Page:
The truck closed earlier this year, but in late April the cookies came back as a store on South U. As marketing manager Renee Sarnecky explains from the New York office, "When you get that late-night food craving, in most places the only thing open is pizza. Some people have a sweet tooth, and pizza just doesn't do it for them."
Like pizza, Insomnia Cookies is happy to deliver. Hot cookies will come to your door--provided your door is less than four miles away--for an order as small as $6 and a minimal delivery fee. Delivery hours, like store hours, last until 3 a.m.
Insomnia was started about ten years ago by Seth Berkowitz, then a student at University of Pennsylvania. He now has twenty-four Insomnia Cookie outlets, most on college campuses, and he's philosophical, mildly grumpy, and not terribly surprised that his truck was run out of town by the city. "They led me to believe there would be no problem on State St., and then about four months in, they started asking us to move every five minutes," a story that played out in similar fashion in other cities. "For a brief moment we thought trucks were our growth model, but there are so many issues with cities and permits, we've decided not to use them, other than a few legacy trucks in Philadelphia."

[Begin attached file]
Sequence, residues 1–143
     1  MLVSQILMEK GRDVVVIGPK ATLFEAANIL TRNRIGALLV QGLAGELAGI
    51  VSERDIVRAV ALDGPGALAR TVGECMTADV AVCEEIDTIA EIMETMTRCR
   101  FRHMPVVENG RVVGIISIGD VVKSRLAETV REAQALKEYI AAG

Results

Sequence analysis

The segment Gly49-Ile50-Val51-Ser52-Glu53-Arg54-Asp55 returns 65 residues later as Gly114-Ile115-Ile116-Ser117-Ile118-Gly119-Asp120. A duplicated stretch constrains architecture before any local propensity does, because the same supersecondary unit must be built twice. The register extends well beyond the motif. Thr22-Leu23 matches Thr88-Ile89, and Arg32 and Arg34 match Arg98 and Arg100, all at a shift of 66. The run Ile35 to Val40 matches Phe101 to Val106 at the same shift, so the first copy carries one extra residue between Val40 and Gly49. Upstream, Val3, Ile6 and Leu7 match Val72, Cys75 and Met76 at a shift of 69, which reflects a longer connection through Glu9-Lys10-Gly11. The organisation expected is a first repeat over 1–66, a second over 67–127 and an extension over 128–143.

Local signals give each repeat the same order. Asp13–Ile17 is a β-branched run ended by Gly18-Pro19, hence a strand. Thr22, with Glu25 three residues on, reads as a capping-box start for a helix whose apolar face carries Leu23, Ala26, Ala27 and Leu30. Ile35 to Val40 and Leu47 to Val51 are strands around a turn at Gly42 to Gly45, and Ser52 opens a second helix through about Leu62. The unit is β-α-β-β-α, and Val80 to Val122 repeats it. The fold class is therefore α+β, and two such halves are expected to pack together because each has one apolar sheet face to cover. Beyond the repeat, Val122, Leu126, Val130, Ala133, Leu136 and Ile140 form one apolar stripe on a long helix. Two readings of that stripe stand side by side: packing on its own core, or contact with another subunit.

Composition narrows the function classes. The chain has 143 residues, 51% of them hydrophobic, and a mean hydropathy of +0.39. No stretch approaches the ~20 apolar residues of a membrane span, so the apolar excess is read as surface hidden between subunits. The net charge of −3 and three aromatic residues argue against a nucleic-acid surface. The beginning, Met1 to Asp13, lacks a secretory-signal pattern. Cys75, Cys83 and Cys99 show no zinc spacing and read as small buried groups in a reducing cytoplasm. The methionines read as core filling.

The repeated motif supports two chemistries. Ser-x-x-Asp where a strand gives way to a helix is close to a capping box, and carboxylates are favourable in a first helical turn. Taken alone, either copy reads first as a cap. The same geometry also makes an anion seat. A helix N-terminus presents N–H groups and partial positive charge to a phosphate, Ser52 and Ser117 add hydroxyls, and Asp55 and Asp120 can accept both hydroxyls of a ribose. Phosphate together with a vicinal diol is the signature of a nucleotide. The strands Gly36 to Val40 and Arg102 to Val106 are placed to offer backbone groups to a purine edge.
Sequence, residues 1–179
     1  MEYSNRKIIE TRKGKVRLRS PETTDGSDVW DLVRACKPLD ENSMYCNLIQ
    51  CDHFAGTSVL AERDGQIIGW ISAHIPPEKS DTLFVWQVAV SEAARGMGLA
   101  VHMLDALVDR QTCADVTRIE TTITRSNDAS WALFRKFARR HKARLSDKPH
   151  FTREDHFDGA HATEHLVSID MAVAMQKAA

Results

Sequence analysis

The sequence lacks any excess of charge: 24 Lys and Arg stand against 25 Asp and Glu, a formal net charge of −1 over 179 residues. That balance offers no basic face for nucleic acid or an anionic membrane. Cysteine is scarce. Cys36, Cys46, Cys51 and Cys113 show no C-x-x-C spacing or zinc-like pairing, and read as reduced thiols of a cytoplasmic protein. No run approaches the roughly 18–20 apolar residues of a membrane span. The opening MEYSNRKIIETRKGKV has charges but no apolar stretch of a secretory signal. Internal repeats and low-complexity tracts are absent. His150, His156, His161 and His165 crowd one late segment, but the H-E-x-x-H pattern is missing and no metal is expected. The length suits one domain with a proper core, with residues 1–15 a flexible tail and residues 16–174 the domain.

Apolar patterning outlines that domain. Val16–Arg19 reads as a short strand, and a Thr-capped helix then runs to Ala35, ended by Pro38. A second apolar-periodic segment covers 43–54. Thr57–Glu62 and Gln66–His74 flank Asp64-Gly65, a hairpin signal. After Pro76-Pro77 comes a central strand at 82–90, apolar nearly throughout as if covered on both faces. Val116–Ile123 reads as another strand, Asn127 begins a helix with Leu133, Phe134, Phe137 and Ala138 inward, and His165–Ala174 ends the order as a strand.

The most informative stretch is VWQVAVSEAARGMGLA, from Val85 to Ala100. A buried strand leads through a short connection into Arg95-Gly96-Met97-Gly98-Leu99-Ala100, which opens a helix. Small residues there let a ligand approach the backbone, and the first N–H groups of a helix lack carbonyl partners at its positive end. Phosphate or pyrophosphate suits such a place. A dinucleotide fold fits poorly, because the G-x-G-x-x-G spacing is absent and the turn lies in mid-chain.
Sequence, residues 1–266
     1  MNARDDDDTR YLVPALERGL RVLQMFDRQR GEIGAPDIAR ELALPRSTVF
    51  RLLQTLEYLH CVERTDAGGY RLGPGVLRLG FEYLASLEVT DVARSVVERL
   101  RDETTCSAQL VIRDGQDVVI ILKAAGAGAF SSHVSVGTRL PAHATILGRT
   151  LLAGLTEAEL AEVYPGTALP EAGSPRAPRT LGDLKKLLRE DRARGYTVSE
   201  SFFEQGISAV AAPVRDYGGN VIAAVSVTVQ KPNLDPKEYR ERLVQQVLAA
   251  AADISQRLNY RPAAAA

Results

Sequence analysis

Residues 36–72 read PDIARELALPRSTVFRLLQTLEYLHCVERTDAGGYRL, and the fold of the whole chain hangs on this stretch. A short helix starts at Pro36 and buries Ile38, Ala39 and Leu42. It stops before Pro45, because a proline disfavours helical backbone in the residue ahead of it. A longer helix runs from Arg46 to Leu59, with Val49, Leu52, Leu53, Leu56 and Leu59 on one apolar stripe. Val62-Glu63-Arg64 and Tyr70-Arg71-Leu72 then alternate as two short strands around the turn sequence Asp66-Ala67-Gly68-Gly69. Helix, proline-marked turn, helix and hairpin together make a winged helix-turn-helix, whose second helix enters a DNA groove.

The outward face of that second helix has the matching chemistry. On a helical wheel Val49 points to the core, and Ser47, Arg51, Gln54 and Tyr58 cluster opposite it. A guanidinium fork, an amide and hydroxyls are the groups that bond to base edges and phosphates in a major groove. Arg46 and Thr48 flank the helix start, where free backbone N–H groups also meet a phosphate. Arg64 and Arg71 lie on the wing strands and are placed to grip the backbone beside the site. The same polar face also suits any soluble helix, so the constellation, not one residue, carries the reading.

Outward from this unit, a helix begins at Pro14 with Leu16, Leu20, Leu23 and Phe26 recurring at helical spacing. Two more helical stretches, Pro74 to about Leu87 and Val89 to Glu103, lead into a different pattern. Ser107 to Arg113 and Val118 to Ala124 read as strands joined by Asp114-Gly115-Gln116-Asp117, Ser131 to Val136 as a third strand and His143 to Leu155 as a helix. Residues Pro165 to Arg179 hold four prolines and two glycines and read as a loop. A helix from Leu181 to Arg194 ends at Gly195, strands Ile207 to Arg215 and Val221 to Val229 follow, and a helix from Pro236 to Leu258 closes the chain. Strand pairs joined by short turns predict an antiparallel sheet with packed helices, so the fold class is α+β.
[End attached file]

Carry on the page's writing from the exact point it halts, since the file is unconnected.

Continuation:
"Insomnia," by the way, refers to the late business hours, and shouldn't be interpreted to mean that the cookies keep you awake. Sarnecky says people sometimes ask--hopefully or fearfully--whether there's caffeine in them; other than whatever caffeine finds its way into cookies naturally via chocolate, there's not.